Not only has there been no meaningful evidence of the Core’s effectiveness, but right after I read Holtz-Eakins’ piece I saw that the latest National Assessment of Educational Progress scores had come out – indeed, for the very 12th grade students on the verge of college – and they had dropped in both reading and math between 2013 and 2015, and some dropped going back to 2009. This was, of course, as Common Core was being implemented nationwide. And not only did aggregate scores drop, but also scores for numerous racial and ethnic groups.

Do these results prove that Common Core is either impotent, or worse, a negative force? Certainly not. For one thing, as presented we can’t even break the 12th grade scores out by state as we were able to do with the 4th and 8th grade scores released several months ago. And even that was only able to furnish slightly more nuanced evidence than looking at aggregate national scores. But all these scores do undermine any proclamations of proven Core effectiveness.

Of course, lots of things affect test scores – federal policies, state policies, local policies, economics, demographic changes, etc. – and we can’t ignore all those things and just declare whatever policy we happen to dislike the undisputed villain. But one thing is clear, no matter how you feel about Common Core or anything else: NAEP tests continue to produce awful results for the students who are about to finish K-12 education, whether it is stagnant 17-year-olds’ scores on Long-Term Trend NAEP exams, or these scores for 12th graders on the “Main NAEP.” And this, as I tackle in a new, big update to the Downsizing the Federal Government K-12 page, despite huge increases in spending over the decades, as well as heavily centralized control.

Do the latest NAEP results prove that the Common Core, or centralization more broadly, are bad for American education? No. But they sure don’t help the narrative that centralization, including the federally driven Core, has helped it.

It may be “cyber incidents” like the US $81 million hack on the Bank of Bangladesh that has SWIFT, the Society for Worldwide Interbank Financial Telecommunication, investigating “Distributed Ledger Technology.” Asked to comment on SWIFT’s program for a CoinDesk reaction piece, I was most interested by the euphemistic language. It reveals something about the state of the Bitcoin ecosystem.

Yes, the folks at SWIFT capitalize the phrase “Distributed Ledger Technology.” It seems meant to create distance from “blockchain.” Of course, talking about “blockchains” was meant to create distance from “Bitcoin,” assumedly for a financial services community that found Bitcoin too uncouth or disruptive.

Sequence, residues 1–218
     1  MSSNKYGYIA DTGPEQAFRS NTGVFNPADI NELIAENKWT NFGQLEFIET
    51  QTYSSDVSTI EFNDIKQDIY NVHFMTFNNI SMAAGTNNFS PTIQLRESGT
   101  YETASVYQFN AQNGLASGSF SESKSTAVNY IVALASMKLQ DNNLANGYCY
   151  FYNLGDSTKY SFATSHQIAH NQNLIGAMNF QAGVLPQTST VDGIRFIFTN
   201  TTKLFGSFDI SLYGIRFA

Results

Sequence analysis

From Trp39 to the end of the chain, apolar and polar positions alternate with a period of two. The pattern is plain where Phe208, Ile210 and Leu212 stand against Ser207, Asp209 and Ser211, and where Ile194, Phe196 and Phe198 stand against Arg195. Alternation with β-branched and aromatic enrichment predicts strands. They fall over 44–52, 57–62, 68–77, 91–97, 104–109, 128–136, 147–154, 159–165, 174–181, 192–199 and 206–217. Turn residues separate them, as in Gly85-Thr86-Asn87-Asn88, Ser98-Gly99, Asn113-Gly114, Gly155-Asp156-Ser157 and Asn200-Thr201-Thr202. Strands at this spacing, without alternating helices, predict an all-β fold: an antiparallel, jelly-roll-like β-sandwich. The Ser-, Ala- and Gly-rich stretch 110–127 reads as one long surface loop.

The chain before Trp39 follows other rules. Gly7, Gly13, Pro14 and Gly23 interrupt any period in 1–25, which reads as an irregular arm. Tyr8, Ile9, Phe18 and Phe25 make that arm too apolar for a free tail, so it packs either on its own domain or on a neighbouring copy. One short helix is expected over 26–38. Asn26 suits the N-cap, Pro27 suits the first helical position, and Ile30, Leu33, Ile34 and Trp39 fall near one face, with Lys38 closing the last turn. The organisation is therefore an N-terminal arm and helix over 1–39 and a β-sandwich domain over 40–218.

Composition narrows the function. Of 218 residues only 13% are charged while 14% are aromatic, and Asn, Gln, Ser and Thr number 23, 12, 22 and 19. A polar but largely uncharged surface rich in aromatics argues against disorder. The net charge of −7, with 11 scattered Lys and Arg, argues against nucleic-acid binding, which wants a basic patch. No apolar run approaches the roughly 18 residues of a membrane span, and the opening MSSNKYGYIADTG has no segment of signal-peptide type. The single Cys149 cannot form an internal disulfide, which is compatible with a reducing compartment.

But Bitcoin is the lodestar. There are contenders, but most everything else is some denigrated system, lacking network effects, that ultimately fails to unite unrelated parties from across the globe in the project of recording transactions on an immutable public ledger. The question is how long it will take for the financial services industry to adopt Bitcoin or for Bitcoin to surpass the financial services industry. Regulator-friendly blockchains are at best a weigh-station on that road.

Enough with the Bitcoin triumphalism, though. The existence of a genius protocol does not guarantee its adoption. For Bitcoin to thrive, there still needs to be a great deal of social and economic change.

Bitcoin’s social capital needs are manifold. To deliver on its promises of global financial inclusion, user-defined privacy, enhanced liberty, and a stable money supply for all the world’s people, the Bitcoin ecosystem needs: a larger and more sophisticated community of software and protocol developers; greater assurance against mining centralization; and a thriving community of node operators. The embrace of the financial services community would speed things along. Bitcoin needs the reality and perception of low volatility; protocols and practices that assure privacy; flourishing, successful marketplaces; a congenial regulatory environment; and a positive reputation. (This list of social capital needs is drawn from my 2014 study of impediments to Bitcoin’s success.)

I’ve saluted the Open Bitcoin Privacy Project for its work on the privacy piece. A lot of effort in a lot of places is going into other dimensions, but the dominant theme in Bitcoin-land remains the “blocksize debate,” which will determine how Bitcoin will add capacity, as it must. I’ve written about the debate a couple of times, framing it as politics in a ‘non-political’ money system and as governance by competition.